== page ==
Sunday 15 November, 5.26pm, off Prion Island, South Georgia
After leaving the Falklands, we had two days at sea, in which I attended a few presentations and attempted to write up the blog, but mainly chatted up Jamie and got lashed with Justin, Daphne and Andrea. At first, Daphne was the one cracking me up, but now they just all make me die. Andrea seems really sensible and calm at first, and then when you've been with her for more than about five minutes, she’ll do something random, like
make a weird noise or do a sudden dance or whatever, and I collapse in giggles. She is also the queen of too much information. It is gross and ace all at the same time. And Justin continues to be a delightful blend of evil and sweetness. I am fascinated by him in a very non-sexual way – I just want to like, pinch him, all the time. The other day I used the phrase, "I want to hurt him with my love," much to the mirth of the gathered masses.
There are more of us, but we four are the core gang. Our extended circle includes Jane (American, 49), who like Justin seems innocent and sweet but has a secret core of filth, and who puts up with me imitating her Minnesotan accent with extremely good grace; Jacqui
(Australian, 23), Graham’s younger daughter who at first seemed shy and quiet but has massively come out of her shell, and has this totally innocent and silly sense of humour that cracks me up; Anna (Australian, 25), Graham’s older daughter who cracks me up even more the way she picks on Jacqui in a typical big sister fashion; John, (Australian, late 40s), who wins at sarcasm and hardly ever laughs, so I consider it a great victory when I do make him smirk; Jackie (Australian, 41) and Fraser (Australian, 35), a married couple who are a very good influence on me because
I still have so much fun with them, but it’s a slightly quieter sort of fun; and sisters Sue and Karen, and their friend Debbie, who along with Jane, make up the other noisy foursome in the dining room besides our gang. They’re great fun. I also love some of the staff (and not just the ones I fancy). Solan (kayaking guide, 32), Hannah (bartender, late 20s), and Andy (assistant hotel manager, 30ish) join Jane in throwing the stereotype of Americans having a crappy sense of humour straight out of the window. They’re wicked. Cathy (hotel manager, 30ish) and the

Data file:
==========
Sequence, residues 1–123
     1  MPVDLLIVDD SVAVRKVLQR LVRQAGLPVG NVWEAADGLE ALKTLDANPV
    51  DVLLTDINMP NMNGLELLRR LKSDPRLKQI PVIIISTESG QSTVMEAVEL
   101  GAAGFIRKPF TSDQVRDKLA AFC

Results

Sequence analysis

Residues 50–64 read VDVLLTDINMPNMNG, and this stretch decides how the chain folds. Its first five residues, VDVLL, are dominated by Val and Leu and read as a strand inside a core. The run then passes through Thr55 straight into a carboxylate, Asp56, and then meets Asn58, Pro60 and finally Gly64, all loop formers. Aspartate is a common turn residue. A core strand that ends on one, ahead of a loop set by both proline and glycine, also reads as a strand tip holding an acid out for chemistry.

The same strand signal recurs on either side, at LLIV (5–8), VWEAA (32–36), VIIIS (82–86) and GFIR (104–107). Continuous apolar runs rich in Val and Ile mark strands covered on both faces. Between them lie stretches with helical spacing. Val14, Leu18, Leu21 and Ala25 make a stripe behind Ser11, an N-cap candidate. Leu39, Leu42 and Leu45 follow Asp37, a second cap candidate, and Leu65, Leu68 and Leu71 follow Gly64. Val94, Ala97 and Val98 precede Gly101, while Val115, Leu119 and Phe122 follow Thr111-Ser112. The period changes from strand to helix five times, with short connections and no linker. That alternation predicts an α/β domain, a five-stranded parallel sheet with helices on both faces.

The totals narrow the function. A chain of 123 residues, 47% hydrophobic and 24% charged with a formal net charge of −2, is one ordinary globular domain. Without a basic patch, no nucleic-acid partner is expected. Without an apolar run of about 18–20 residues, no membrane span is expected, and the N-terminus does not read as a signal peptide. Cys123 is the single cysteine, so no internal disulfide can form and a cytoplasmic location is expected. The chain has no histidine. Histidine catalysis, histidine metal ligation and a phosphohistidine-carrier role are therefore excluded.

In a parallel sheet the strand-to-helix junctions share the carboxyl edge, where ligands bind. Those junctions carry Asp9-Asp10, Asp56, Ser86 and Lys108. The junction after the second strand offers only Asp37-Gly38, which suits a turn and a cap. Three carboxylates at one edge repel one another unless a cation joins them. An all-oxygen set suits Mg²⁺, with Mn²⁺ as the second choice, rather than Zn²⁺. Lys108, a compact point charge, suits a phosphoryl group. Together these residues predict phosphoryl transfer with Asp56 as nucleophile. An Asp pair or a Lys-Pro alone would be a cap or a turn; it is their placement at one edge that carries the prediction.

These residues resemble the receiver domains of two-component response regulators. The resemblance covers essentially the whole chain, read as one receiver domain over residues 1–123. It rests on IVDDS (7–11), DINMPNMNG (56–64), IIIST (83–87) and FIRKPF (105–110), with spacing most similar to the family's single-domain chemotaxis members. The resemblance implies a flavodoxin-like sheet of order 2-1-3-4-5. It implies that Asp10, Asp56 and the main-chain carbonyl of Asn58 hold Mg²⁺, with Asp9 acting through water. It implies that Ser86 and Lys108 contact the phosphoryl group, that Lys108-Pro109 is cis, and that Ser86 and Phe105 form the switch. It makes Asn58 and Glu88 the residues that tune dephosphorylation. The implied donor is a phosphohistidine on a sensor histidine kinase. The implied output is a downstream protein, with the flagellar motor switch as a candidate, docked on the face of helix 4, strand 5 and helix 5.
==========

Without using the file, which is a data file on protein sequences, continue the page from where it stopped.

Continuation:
Amazing Noz Darker are both Australian, like most of the staff, and happen to be Jackie's friends from home, so via her, we get quite a bit of crew gossip, which is top. And Annie (assistant expedition leader, late 40s) is not just a sweetheart, she has the sexiest voice in all the land, which much to the amusement of the gang I am also perfecting an impression of.
Every night after dinner there’s a talk in the bar, which I think is genius, because it drags everyone up there and they commence socialising, which is handy for a trip like this, but more importantly, it gets everyone spending their money on excessive amounts of beer. Since as you know, I need no impetus whatsoever to spend all my money on excessive amounts of beer, I seem to spend half my life up there and we’re certainly nightly residents. Last night’s talk was not that fun, actually – most of them range from fine to fecking hysterical, but the guy last night was kind of rocking the “gay-bashing as humour” angle a little, so he turned me off pretty much immediately. Not to mention the fact that most of them do about 10-20 minutes and he was still rabbiting on 45 minutes later. But for the most part they’re great, and hey, it’s a room with alcohol in it, I’m always going to be pro the bar.
So the banter and bonding continued while we sailed to South Georgia, the next stop on our itinerary. I had been forewarned by Alex, my travel agent, that most people who go on these kinds of trips come back raving not about the peninsula, but South G. Combine that with Jamie’s veritable obsession with the place (and since I spend my down time manoeuvring myself into any conversation that I can with the man, I’ve been thoroughly indoctrinated), and my expectations had certainly been raised. And then South Georgia has so far merrily shattered them all by being ten times as amazing as I expected. First off we went to King Haarkon Bay, named for the Norwegian king by the whalers who first